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YouTube takes action against Trump, bans uploads for at least 7 days

YouTube's issuance of "a strike" comes after social media platforms suspended the president over concerns about violence.
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YouTube has taken action against President Donald Trump and barred new videos from being uploaded to his channel for at least seven days, citing violations of its policies and "concerns about the ongoing potential for violence."

It's the latest action against Trump after last week's deadly riot at the U.S. Capitol by a pro-Trump mob. Twitter and Facebook have both also suspended or blocked the president's accounts.

YouTube issued "a strike" to Trump's channel, and said comments would also be disabled indefinitely. The company also said it removed new content posted Tuesday.

Trump has been blamed by Democrats and some Republicans — including the No. 3 Republican in the House, Rep. Liz Cheney — for inciting the violence at the Capitol.

"The President of the United States summoned this mob, assembled the mob, and lit the flame of this attack. Everything that followed was his doing," Cheney, R-Wyoming, said in a statement Tuesday.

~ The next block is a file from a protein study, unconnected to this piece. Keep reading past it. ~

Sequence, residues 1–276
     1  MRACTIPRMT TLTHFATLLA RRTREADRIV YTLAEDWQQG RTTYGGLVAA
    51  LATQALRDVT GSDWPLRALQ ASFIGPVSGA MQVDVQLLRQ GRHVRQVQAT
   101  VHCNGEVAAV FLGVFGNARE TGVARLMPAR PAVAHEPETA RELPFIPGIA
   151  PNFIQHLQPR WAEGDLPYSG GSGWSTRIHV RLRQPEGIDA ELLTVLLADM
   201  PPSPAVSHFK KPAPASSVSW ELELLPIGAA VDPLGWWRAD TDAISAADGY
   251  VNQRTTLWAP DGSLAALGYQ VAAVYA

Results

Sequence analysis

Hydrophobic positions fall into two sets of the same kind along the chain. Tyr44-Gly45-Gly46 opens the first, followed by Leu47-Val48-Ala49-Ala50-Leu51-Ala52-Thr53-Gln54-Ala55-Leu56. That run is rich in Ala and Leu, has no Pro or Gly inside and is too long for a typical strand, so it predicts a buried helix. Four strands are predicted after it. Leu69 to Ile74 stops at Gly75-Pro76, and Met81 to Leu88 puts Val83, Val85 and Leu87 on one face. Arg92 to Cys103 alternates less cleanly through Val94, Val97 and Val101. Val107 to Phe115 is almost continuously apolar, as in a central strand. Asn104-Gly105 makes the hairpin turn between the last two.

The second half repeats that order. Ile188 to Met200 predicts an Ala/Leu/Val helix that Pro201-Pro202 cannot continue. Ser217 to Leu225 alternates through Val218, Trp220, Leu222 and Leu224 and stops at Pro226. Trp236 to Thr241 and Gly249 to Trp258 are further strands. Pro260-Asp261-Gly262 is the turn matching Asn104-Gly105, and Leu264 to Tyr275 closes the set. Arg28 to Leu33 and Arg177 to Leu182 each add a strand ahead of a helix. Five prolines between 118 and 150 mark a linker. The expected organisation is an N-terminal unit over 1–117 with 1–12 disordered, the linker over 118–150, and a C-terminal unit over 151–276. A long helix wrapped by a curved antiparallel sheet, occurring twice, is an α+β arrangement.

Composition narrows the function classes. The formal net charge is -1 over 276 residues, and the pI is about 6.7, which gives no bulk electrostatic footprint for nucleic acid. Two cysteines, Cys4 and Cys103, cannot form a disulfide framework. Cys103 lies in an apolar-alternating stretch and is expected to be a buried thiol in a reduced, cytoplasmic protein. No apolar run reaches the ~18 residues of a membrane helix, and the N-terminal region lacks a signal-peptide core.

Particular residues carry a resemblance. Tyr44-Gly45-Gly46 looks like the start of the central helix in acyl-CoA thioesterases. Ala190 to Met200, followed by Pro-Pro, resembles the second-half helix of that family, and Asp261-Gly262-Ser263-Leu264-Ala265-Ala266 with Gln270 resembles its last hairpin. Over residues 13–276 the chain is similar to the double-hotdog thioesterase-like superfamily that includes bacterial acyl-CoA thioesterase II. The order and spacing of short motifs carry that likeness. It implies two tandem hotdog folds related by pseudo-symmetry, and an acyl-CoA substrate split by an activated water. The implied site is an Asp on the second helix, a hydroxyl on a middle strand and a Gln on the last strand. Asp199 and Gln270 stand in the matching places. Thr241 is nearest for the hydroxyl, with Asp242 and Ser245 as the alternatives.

"There has never been a greater betrayal by a President of the United States of his office and his oath to the Constitution," she said, adding that she supports impeaching him.

Trump on Tuesday took no responsibility for inciting the riot that killed five people, including a Capitol Police Officer who died after being injured in physical confrontations and a woman who was fatally shot by police as a mob was trying to break into part of the building.

There have been calls in Congress to remove Trump following the rampage.

The Democrat-controlled House on Tuesday night passed a resolution calling on Vice President Mike Pence to invoke the 25th Amendment, which Pence has said he would not do. "Under our Constitution, the 25th Amendment is not a means of punishment or usurpation" and using it would set what he called a terrible precedent, the vice president said in a letter.

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The House vote was 223 to 205, largely along partisan lines. But there are also calls to impeach Trump a second time, and a growing number of Republicans have publicly endorsed impeaching the president.

In addition to speaking to the crowd at a rally before the violence, Trump had repeatedly and baselessly claimed that the election was fraudulent or stolen, claims for which there is no evidence. The mob stormed and ransacked the Capitol as Congress was formally counting the electoral votes of Joe Biden's victory.

House Speaker Nancy Pelosi, D-Calif., said on the House floor before Tuesday night's vote that "The facts are very clear: The president called for this seditious attack."